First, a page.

The Global Futures Lab Observatory is the Professional Winner in the Speculative Design category & Notable in the Design Education Initiative category of the 2020 Core77 Design Awards competition.
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If you were told to describe the way the future will look, it’s likely you’ll rely on a number of tropes to build this vision in your head—stark, minimal, or technical looking interiors, robots abound, and technology on full display. One trait of speculative design that may have contributed to this one-note narrative is the history of non-diverse voices responsible for shaping these visions. Although distinct clichés have dominated how we all envision the future—whether that’s in reality or entertainment— there’s a considerable number of emerging speculative design practitioners working to subvert these stereotypes.
One such group is the Global Futures Lab, founded by Paolo Cardini of the Rhode Island School of Design. As described by Cardini, Global Futures Lab based in Mexico City is “a series of international workshops that aim to counteract the bias and stereotypes of so-called ‘Western futures’ and foster different futures linked to specific geo-cultural locations.”
An offshoot of the Lab is their Global Futures Observatory that takes place at CENTRO Advanced Design Institute, which is a series of workshops that aim to provide hyper-contextual future visions through techniques and methodologies ranging from critical design and traditional future forecasting to speculative anthropology. Their latest session took place in 2019, with students participants from locales such as Iran, India, Peru, Ethiopia, Cuba and Mexico.
The Observatory workshop is ultimately rooted in storytelling, and organized into main three parts. Students begin by writing a short fictional story centered around everyday events—”Everyone is invited to write about a hypothetical situation happening in Mexico, in an undefined future. Within this exercise, it’s fundamental that the students use their first language to populate their stories with words, expressions, and behaviors typical of their culture.,” the Global Futures Lab team explains. After the second session, where students come together to fill their concise stories with even more detail that is collectively contributed by the group, the third session brings design into the picture. Students are then asked to ideate and materialize prototypes of objects that belong to the environments they’ve built in their original stories. “The final goal of those fictional artifacts is to carry the essence of their narratives and act as facilitators for conversations around students’ future speculations,” says Global Futures Lab Observatory coordinator Karla Panigua.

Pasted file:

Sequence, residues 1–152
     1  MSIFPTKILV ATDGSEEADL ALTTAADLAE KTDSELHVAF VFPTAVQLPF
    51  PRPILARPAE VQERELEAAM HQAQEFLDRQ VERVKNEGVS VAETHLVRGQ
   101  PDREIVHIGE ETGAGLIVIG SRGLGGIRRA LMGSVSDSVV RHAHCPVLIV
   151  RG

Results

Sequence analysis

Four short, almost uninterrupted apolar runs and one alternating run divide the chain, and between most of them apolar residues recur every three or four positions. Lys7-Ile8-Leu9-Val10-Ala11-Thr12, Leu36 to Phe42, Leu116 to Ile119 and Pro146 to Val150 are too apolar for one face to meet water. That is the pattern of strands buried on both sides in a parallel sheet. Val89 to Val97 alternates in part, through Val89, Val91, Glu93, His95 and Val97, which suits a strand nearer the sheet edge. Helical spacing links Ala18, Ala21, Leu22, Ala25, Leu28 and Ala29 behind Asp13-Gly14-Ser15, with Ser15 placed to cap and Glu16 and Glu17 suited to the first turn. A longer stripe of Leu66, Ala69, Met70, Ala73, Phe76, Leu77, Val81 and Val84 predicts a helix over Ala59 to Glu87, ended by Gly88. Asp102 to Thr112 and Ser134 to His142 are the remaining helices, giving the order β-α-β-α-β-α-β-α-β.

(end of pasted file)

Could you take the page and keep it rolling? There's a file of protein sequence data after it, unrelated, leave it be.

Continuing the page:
The ultimate goal of the workshop is to bring together design minds around the world coming from different cultures, who take hints from their own personal narratives to build a vision of the future that includes their perspective. “This project questions the universal and homogeneous visions of the future, so the participants of this workshop explore local, multiple, folk visions of possible futures,” Panigua says. By dropping designers into thought exercises like the ones done at the Global Futures Lab, perhaps our visions of the future have a chance to look like something other than a by-product of 2001: A Space Odyssey.